Korean pine (Pinus koraiensis) is a constructive tree species in the broad-leaved trees/Korean pine mixed forest in Northeast China. However, this type of old-growth forest has badly degraded due to long-term destructive disturbance and nearly all the old-growth forests have been converted to secondary forests. Promoting the regeneration of Korean pine in the secondary forest ecosystem is crucial to restore the old-growth forests in Northeast China. However, studies on artificial regeneration (direct sowing and planting of seedlings) of Korean pine often ignore the roles of seed predators, for example the damage of seeds and seedlings caused by rodents. In addition, when Korean pine cones mature and fall off, they must rely on rodents to disperse seeds. Therefore, exploring the effects of secondary forest structure regulation (e.g., thinning or gap formation) on rodents-mediated regeneration of Korean pine is an urgent need for the restoration of secondary forests and the protection of Korean pine germplasm resources.
To this end, Researchers ZHU Jiaojun, Wang Gaofeng, Yan Qiaoling, and Doctoral Student Wang Jing from the Secondary Forest Ecology and Management Group of the Institute of Applied Ecology (IAE) of the Chinese Academy of Sciences (CAS) conducted a series of research and achieved the following research results:
(1) Korean pine seed provenance limitation coupled with changes in forest stand structure limits Korean pine seed dispersal by rodents
The researchers found that thinning could increase seed predation, reduce the proportion of seed germination and seedling formation, and reduce the effectiveness of seed dispersal by animals. Both the lack of Korean pine seed sources and the changing forest stand structure by thinning can limit rodents-mediated regeneration of Korean pine in secondary forests. To enhance the regeneration of Korean pines, the researchers suggested that forest managers should ban against Korean pine seed harvesting and protect rodent-Korean pine interactions.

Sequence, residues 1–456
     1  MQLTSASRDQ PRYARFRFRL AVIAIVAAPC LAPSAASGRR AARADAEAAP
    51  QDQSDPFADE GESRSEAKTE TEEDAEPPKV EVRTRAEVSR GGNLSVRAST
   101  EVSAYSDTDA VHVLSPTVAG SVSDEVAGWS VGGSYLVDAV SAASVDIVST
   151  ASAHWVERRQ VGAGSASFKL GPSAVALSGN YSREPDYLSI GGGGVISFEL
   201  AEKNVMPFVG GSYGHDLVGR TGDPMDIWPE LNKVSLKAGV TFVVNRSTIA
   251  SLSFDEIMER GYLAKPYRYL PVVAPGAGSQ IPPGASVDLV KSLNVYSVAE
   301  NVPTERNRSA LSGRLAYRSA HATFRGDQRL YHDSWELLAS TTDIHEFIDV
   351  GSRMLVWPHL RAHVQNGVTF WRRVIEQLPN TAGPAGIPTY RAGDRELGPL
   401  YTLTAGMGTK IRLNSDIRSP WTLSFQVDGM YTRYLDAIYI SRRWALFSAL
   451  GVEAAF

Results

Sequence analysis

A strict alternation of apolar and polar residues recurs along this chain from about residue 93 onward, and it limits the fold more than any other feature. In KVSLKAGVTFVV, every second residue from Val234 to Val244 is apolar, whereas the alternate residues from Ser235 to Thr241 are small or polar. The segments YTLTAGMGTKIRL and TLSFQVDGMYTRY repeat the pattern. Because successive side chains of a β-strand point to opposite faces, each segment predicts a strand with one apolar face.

(2) Rodents-induced dispersal of Korean pine seeds and the heterogeneity of understory microhabitats
The researchers found that the canopy coverage of 0.2-0.3 can be beneficial to seed predation. When canopy coverage is greater than 0.8, the Korean pine seeds can be less frequently fed and stored by rodents.
(3) Effects of artificial regeneration of Korean pine on the structure of secondary forest stand in the presence of rodents
The researchers' study showed that direct sowing Korean pine seeds in secondary forests is not an effective strategy for the regeneration of Korean pines when rodents are common seed predators in the forests. The researchers thus recommended forest managers to create large gaps and plant 3-year-old Korean pine seedlings in secondary forests to effectively accelerate the succession of secondary forests to broad-leaved trees/Korean pine mixed forests.
The above research results have been published in three papers as shown in the table below. These studies were funded by the National Natural Science Foundation of China, the Strategic Priority Research Program of the Chinese Academy of Sciences and the Liaoning Revitalization Talents Program, etc.
Institute of Applied Ecology, Chinese Academy of Sciences